Lawrence Durrell – Clea, 1960


It is the first serious letter I have attempted, apart from short notes, with my new hand: this strange accessory-after -the-fact with which the good Amaril has equipped me! I wanted it to become word-perfect before I wrote to you. Of course I was frightened and disgusted by it at first, as you can imagine. But I have come to respect it very much, this delicate and beautiful steel contrivance which lies behind me so quietly  on the table in its green velvet glove! Nothing falls out as one imagines it. I could not have believed myself accepting it so completely – steel and rubber seem such strange allies for human flesh. But the hand has proved itself almost more competent even than an ordinary flesh-and-blood member! In fact its powers are so comprehensive that I am a little frightened of it. It can undertake the most delicate of tasks, even turning the pages of a book, as well as the coarser ones. But most important of all – ah! Darley I tremble as I write the words – IT can paint!

“I have crossed the border and entered into the possession of my kingdom, thanks to the Hand. Nothing about this was premeditated. One day it took up a brush and lo! pictures of truly troubling originality and authority were born. I have five of them now. I stare at them with reverent wonder. Where did  they come from? But I know that the Hand was responsible. And this new handwriting is also one of its new inventions, tall and purposeful and tender. Don’t think I boast. I am speaking with the utmost objectivity, for I know that I am not responsible. It is the Hand alone which as contrived to slip me through the barriers into the company of the Real Ones as Pursewarden used to say. Yet it is a bit frightening; the elegant velvet guards its secret perfectly. If I wear both gloves a perfect anonymity is preserved! I watch with wonder and a certain distrust, as one might a beautiful and dangerous pet like a panther, say. There is nothing, it seems, that it cannot do impressively better than I can. This will explain my silence and I hope excuse it. I have been totally absorbed in this new hand-language and the interior metamorphosis it has brought about. all the roads have opened before me, everything seems now possible for the first time.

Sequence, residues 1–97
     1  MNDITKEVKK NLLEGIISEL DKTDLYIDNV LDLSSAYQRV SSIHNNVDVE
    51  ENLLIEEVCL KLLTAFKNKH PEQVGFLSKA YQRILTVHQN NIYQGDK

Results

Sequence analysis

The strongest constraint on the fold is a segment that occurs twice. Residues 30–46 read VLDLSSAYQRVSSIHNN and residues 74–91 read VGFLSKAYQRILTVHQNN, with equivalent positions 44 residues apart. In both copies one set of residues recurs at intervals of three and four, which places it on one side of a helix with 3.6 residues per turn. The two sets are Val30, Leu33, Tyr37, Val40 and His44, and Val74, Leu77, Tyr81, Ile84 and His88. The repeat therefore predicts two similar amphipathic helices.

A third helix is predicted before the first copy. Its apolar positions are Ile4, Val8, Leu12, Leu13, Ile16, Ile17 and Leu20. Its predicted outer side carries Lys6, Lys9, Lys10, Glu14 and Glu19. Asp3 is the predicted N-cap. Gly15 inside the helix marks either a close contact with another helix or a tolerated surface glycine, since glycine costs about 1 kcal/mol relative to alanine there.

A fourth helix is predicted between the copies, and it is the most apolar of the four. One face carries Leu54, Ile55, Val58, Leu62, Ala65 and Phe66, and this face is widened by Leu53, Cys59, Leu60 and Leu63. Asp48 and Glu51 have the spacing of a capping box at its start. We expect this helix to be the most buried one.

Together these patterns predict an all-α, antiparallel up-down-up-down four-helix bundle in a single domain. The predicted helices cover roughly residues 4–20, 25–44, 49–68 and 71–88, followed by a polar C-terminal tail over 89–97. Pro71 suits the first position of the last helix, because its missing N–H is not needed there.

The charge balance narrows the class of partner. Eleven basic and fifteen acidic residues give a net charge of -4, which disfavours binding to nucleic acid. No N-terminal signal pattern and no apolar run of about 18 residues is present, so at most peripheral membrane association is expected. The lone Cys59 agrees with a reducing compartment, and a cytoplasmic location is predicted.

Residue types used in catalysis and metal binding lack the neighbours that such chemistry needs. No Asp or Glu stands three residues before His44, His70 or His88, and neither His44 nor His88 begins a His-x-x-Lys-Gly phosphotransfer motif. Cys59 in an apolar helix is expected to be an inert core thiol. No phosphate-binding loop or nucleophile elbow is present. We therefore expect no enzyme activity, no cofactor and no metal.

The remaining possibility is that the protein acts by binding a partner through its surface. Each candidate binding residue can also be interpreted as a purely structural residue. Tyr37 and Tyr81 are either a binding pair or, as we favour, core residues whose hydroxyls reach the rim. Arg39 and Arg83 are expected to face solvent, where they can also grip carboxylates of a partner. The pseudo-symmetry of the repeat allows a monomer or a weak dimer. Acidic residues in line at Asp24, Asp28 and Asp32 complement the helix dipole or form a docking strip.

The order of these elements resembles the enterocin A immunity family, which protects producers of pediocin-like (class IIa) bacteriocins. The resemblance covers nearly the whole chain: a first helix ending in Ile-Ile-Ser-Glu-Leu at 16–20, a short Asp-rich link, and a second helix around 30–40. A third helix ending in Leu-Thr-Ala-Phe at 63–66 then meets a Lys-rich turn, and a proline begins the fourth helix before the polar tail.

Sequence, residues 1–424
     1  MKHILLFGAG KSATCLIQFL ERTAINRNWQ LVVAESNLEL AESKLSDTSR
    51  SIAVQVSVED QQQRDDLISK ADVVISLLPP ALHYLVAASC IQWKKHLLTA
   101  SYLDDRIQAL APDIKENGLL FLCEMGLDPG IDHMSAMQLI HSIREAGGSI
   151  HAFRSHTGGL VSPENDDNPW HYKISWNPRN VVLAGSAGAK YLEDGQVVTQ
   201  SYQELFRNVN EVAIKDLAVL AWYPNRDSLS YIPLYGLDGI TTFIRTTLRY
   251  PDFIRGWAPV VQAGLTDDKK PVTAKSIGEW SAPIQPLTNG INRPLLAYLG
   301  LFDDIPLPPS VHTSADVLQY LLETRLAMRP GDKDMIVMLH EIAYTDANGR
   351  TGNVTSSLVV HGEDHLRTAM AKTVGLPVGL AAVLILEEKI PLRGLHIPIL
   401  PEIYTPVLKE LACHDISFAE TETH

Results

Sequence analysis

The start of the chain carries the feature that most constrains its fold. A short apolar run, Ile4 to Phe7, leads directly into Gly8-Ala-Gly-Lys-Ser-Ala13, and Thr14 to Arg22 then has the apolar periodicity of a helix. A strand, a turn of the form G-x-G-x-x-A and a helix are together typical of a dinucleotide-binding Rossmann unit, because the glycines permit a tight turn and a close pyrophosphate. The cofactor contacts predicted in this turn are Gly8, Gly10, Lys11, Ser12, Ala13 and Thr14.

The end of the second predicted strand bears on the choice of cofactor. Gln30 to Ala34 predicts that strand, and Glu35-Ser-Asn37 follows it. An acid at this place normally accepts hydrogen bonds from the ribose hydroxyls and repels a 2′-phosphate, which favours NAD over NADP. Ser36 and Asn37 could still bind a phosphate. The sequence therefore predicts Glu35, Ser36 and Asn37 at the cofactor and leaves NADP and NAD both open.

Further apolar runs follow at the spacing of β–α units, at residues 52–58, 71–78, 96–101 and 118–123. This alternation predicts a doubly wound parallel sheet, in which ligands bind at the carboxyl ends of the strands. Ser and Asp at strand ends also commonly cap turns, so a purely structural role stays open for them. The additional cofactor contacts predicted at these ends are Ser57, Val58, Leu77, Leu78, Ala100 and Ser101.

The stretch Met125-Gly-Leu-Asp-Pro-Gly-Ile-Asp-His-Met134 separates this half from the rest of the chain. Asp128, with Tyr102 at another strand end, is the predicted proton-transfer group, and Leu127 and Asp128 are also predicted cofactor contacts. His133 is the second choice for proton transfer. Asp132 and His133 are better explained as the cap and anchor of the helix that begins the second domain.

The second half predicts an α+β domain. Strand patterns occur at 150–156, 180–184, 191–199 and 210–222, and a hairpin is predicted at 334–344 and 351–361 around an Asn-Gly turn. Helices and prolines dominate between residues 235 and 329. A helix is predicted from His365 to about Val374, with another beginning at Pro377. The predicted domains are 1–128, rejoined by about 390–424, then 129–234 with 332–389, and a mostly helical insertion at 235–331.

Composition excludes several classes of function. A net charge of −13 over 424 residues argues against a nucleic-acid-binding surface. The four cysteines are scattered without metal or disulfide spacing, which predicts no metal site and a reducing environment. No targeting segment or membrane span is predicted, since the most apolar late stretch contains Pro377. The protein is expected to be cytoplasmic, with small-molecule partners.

Lawrence Durrell. 1912-1990. The Alexandria Quartet. Clea, 1960.  Book 4.

Image: Tahia Halim, Face of a Nubian girl, oil on board. 50 x 50 cm.

Author: jeh

Jeremy Hunt is Director of the AAJ Press (Art & Architecture Journal / Press) – a writer and consultant on art and public space

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